Officials are currently engaged in the next steps of the process. Bilateral discussions with a range of stakeholders have taken place and a stakeholder working group, consisting of beverage producers, retailers, environmental non-governmental organisations and waste collectors has been established to progress the design of the system. Colleagues from the Department of Agriculture, Environment and Rural Affairs in Northern Ireland have sat in on the working group discussions as observers.
Based on the work being carried out by this group, a second public consultation will be launched later this month. This will seek views on the preferred model of a scheme and invite submissions on the legislative parameters required for its introduction. Ireland has a well-established track record in using the extended producer responsibility model for dealing with various waste streams, including plastics and packaging, electrical appliances and batteries. This model is based on the polluter pays principle and I have stipulated that the deposit return scheme must similarly be producer-led and operated on a not-for-profit basis.
The legislative basis for the delivery of a DRS will be provided through the transposition of the single use plastics directive. This will be done by the deadline of 3 July this year.
The DRS will complement other measures that we will be introducing under this directive in order to deal with a wide range of single use plastic, SUP, items, including the banning of SUP items such as straws, cutlery, plates, cotton bud sticks and balloon sticks. The Minister will also be introducing measures to significantly cut down on the number of SUP cups and food containers we use. These measures will include the introduction of levies, legislating to prohibit their unnecessary use and trialling the elimination of coffee cups entirely in selected towns with a view to eventually banning them at a national level. I will pick up the glass issue in my next contribution.
I thank the Minister of State for that lengthy response. I understand he will come back to me because he has not really answered the key questions. We know the Department was resistant to introducing the deposit return scheme. We know from freedom of information requests that were released to my colleague, Senator Boylan, that the Irish Government was instrumental in delaying this EU directive until 2029. This is where the Minister of State and the Green Party have to make a difference.
We spoke about ambition and it is crucial that glass is included in this deposit return scheme. I have cited best practice in the world and I could also cite what is happening in Lithuania, where they have reverse vending machines as a requirement for all rural shops to make sure there is no rural-urban divide. What has happened there is that the shops are now asking for those machines because they can see a commercial benefit to them. There is a host of best practice opportunities and my fear is that we will miss out on them. I am hoping the Minister of State will give us a clear and positive response that glass and the variable deposit scheme will be included. We will not get the opportunity to get this right again. It needs to happen now.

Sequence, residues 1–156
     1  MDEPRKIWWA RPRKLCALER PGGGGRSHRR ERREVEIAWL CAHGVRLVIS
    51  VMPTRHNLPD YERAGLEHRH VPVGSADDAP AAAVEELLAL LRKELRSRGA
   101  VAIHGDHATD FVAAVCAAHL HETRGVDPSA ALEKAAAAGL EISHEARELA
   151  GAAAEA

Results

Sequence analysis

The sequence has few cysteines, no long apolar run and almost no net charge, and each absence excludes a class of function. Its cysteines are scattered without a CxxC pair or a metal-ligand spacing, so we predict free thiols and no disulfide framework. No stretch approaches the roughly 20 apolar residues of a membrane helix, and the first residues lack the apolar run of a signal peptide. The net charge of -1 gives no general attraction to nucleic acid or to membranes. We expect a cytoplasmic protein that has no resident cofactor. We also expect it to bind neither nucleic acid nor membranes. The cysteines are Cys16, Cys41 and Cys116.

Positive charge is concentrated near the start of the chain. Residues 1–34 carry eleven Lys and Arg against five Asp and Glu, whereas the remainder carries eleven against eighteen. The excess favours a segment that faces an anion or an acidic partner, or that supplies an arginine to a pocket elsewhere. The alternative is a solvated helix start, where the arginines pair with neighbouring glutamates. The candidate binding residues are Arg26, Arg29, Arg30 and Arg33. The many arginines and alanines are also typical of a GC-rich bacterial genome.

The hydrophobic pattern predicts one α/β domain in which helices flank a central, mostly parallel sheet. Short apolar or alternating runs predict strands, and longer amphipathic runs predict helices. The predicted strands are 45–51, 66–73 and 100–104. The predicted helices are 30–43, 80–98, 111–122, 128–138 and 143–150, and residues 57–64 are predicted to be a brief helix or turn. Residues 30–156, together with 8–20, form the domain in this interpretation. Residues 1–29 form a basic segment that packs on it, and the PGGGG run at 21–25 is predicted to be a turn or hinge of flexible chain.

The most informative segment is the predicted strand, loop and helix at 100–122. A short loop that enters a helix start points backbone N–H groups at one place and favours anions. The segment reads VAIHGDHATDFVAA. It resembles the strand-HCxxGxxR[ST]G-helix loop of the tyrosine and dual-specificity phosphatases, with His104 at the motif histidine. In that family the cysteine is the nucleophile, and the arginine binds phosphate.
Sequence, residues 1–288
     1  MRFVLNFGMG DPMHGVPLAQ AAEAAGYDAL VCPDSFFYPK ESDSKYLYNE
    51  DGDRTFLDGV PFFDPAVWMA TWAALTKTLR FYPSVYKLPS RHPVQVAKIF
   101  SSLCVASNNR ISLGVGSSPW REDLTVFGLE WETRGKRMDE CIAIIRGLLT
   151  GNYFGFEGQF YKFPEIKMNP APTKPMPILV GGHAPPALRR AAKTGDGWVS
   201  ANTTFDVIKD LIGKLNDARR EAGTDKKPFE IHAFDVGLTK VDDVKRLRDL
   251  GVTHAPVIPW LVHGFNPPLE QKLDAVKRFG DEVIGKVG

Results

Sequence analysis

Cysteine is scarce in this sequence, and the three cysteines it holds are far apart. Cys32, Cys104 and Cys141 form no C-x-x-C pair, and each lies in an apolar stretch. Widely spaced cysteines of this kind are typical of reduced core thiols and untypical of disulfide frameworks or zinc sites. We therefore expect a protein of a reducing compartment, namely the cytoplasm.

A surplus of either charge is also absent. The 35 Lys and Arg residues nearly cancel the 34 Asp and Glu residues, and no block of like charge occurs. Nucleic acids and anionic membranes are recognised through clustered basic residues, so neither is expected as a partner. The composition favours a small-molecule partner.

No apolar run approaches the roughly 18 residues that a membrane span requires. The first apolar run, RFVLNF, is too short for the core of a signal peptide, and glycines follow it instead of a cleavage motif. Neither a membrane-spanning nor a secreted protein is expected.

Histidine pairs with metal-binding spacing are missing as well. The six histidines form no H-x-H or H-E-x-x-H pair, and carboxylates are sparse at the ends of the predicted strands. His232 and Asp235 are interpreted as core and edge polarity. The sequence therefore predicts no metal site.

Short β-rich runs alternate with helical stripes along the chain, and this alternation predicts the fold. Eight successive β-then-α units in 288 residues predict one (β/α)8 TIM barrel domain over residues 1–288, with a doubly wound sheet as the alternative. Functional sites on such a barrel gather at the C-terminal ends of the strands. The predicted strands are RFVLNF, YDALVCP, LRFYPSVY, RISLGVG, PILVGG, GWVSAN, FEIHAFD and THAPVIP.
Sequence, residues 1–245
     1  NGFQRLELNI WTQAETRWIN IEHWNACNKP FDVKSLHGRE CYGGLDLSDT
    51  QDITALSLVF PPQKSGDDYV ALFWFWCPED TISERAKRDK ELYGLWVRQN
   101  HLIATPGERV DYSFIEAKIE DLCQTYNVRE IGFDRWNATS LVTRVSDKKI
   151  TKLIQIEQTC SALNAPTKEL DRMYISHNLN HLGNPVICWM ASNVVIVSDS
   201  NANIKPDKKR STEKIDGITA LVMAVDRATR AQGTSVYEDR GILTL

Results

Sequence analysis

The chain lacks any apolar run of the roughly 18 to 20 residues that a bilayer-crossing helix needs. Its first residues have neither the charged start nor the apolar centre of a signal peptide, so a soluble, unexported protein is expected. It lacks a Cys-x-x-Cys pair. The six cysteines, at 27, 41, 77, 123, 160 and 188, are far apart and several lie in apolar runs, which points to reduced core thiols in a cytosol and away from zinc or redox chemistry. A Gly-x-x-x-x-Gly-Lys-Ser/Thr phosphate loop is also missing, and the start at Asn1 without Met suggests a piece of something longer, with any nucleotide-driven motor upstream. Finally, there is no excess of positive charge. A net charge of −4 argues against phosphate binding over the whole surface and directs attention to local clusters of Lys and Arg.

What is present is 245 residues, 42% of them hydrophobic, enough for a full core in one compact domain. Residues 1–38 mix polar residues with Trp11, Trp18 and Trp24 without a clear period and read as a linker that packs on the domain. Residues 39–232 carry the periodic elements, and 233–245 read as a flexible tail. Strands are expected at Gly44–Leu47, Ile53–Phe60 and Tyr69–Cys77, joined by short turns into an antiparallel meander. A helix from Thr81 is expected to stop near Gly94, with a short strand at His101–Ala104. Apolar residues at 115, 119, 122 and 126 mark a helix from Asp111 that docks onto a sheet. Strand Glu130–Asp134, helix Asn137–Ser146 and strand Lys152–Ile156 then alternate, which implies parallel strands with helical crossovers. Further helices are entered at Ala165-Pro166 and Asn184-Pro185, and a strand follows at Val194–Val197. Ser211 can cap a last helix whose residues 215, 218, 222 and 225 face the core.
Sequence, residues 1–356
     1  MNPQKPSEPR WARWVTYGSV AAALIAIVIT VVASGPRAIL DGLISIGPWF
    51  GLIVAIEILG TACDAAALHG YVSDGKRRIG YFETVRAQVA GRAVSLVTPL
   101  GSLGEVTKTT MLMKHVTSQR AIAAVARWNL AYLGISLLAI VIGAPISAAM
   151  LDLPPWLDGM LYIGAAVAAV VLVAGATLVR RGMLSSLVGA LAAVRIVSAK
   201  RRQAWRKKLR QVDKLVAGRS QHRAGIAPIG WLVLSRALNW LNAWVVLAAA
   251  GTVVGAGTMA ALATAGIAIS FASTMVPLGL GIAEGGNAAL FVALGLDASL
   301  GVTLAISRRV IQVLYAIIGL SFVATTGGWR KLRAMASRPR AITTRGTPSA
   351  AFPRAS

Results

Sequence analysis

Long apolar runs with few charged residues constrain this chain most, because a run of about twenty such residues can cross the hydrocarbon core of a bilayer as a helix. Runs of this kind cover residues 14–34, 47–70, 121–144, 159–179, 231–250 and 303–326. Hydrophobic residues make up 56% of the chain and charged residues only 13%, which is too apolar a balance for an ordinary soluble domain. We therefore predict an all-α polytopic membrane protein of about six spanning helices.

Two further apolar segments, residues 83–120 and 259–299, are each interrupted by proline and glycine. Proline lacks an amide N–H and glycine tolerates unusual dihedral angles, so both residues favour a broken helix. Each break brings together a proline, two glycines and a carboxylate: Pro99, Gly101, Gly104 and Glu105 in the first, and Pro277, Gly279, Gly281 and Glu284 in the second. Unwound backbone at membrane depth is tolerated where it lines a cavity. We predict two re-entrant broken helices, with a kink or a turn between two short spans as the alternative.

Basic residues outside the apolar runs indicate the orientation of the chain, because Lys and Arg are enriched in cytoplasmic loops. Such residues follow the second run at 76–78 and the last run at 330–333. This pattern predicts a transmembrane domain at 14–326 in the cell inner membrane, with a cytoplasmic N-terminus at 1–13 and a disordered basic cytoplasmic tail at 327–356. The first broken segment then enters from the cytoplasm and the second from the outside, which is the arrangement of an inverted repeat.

On the variable charge, I would suggest that there will be an opening for that point to be made in the consultation process that will be coming up.
On glass, many of the submissions received in the first round of public consultation on the introduction of the DRS called for glass to be included. The DRS facilitates a high rate of recyclability because the material collected in it is generally not contaminated. Ireland, through its bring bank collection system, already achieves a high rate of glass recycling. The most recent statistics show that we are achieving a rate of 82%. This well exceeds the EU target for 2030 of 75%. Our focus for glass should turn to reuse as this is further up the waste hierarchy, rather than recycling. Therefore, some form of DRS for glass which facilitates reuse rather than recycling may be looked at in the future. It is a question of the best approach to take and reuse is always better than recycling. We are doing so well on glass in Ireland that this is the area we want to look at for now in terms of glass. However, there are opportunities for other avenues to carry out recycling in the future as well.
There are not enough glass recycling centres in Dublin. In many cases, residential glass ends up in public bins on streets.